The pleasure of the King will make it all worth it. We should remember, however, that this will not be what is heard by every believer. The three servants in Luke 19:11-27 reveals an important reality. It is only the first one who receives this praise from the King.  The second servant receives no word at all and the third servant receives the depressing word “you worthless slave.”

#2 – A Special Relationship with the King

When Jesus came the first time, it is quite apparent in the gospels that some people were closer to Him than others. He did not reveal Himself to some disciples in any significant way (John 2:23-25), while others, such as the Twelve were particularly close to Him. Even among the Twelve, it appears that three were closer than the rest and were given special opportunities.

So, it should not be too surprising that at His second coming when He sets up His kingdom that there will be some who are closer than others.

Faithful servants are invited to enter “His joy” (Matt. 25:21, 23). While we cannot detail this, it is clearly an invitation into a relationship because they were faithful in this life to the Master.

Further, Hebrews lets us know that a believer who faithfully endures will be a “companion” of the King (Heb. 3:14).  When we look carefully at the verse in Hebrews, we see that there is a condition for one being a companion or “partaker”.  The correct translation is to be a partaker “of Christ” (NASB) not a partaker “in Christ” (NIV).  The NIV suggests that the verse is focusing on our position in Christ and this has spawned some interesting interpretations. But “hanging in there” is the condition for being a partaker.  A partaker (Gr. metachos) refers to someone who is a sharer or companion of another and is habitually in the company of that individual.

Clearly, this is speaking of a close relationship that some but not all will have. We can only imagine what this will look like in the wonderful kingdom of Jesus the Messiah.

#3 – Significant Responsibilities in the Kingdom of Messiah

In the creation account found in Genesis 1 and 2, it was God’s original plan to have Adam and Eve rule (along with Him) the planet. This was mankind’s uniquely wonderful position. This privilege was lost that fateful day when the two chose to disobey God. Rulership of the planet was taken by Satan. And so, one of the key future matters yet to be settled is the taking back of the planet.

This is why there is such an emphasis on Jesus, the Son of Man, coming to defeat Satan and to rule.  Psalm 2:6-8 summarizes it wonderfully.

But as for Me, I have installed My King upon Zion, My holy mountain. I will surely tell of the decree of the Lord: He said to Me, Thou art My son, today I have begotten Thee. Ask of Me, and I will surely give the nations as Thine inheritance, and the very ends of the earth as Thy possession.

And to that, Daniel 7:13-14 adds the following.

I kept looking in the night visions, and behold, with the clouds of heaven One like a Son of Man was coming, and He came up to the Ancient of Days and was presented before Him. And to Him (the son of man) was given dominion, glory and a kingdom, that all the peoples, nations, and men of every language might serve Him. His dominion was an everlasting dominion which will not pass away; and His kingdom is one which will not be destroyed.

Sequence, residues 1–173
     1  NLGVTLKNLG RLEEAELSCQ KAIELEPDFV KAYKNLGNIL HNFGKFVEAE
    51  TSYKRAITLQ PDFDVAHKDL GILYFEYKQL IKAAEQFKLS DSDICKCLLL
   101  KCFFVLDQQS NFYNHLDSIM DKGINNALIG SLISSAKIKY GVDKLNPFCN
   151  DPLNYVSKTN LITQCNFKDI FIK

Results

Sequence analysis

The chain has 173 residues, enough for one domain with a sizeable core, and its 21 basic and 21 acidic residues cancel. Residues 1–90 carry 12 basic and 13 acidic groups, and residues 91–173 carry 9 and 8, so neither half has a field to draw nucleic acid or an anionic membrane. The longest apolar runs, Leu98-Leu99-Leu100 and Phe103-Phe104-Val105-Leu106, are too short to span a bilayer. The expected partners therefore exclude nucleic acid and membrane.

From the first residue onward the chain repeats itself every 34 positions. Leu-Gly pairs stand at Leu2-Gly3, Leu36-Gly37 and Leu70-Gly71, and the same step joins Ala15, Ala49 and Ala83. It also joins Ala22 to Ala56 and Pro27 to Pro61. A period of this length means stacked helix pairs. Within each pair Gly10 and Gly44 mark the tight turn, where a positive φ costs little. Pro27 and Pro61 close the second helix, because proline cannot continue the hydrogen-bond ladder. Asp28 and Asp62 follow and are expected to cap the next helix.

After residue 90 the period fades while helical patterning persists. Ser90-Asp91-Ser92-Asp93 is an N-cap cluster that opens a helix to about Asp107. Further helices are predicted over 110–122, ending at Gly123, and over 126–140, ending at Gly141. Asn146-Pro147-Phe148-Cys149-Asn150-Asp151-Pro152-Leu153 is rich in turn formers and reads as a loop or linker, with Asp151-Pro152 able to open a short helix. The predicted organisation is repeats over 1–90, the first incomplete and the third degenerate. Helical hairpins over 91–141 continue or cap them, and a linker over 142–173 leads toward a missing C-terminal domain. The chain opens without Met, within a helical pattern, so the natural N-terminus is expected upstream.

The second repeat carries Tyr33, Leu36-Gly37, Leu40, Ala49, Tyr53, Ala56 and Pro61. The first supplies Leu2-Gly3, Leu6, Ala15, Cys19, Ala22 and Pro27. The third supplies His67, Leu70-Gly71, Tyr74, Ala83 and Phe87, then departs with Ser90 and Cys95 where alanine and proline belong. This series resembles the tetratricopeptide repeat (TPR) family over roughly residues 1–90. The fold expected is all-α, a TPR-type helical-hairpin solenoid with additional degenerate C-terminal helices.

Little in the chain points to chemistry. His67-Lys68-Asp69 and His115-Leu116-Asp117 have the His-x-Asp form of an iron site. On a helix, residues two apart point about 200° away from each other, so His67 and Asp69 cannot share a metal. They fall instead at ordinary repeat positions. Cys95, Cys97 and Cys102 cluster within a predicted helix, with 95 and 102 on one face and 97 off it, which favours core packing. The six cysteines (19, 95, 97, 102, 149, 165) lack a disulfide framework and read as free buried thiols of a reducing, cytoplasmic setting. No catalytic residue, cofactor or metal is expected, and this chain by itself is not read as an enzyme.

It will be this Man, from the line of David, that will come and rule. This coming King offers to faithful believers the opportunity to rule with Him.

Those believers will experience that unique role originally given to Adam and Eve. Paul states that “if we endure, we shall also reign with Him” (2 Timothy 2:12).

Once again it is impossible for us to know exactly how this will work in the coming kingdom. However, it is clear that faithful believers will rule under King Jesus. Remember that Jesus specifically promised the Twelve that because they had left all to follow Him that they would sit on twelve thrones judging the twelve tribes of Israel when He returned (Matt. 19:28).

#4 – The Crowns that will be Given

Familiar to most believers is the idea of “crowns” being given. The crown (Gr. stephanos) of the wreath was used to honor individuals in ancient times. It is different from the crown of a king. The crowns most likely represent the kinds of things that will merit honor at the judgment seat.

The following four crowns are specifically mentioned in the New Testament. This is most likely not a complete list.

The Crown of Life (James 1:12; Revelation 2:10)

This crown is given to all those who faithfully endure the tests, trials and persecutions experienced in this life.

The Crown of Righteousness (2 Timothy 4:8)

This crown is also referred to as the "Watcher's Crown." The Apostle Paul said that because he had faithfully served Christ that this crown would be his. He also noted that anyone who “loves His appearing” will receive it as well. The Lord will definitely honor those who honor Him and have a desire to be with Him.

The Crown of Glory (1 Peter 5:4)

This crown is given to those elders who have faithfully led Christ’s church. It is evident that leading a local church is not an easy task and the Lord acknowledges that with a special crown.

The Crown of Rejoicing (1 Thessalonians 2:19)

This if often referred to as the "Soul Winners crown." It seems to be for those who have faithfully shared the gospel.

Our generous Lord Jesus loves to give good things to His children. We can only imagine how absolutely incredible will be His rewards to His faithful servants.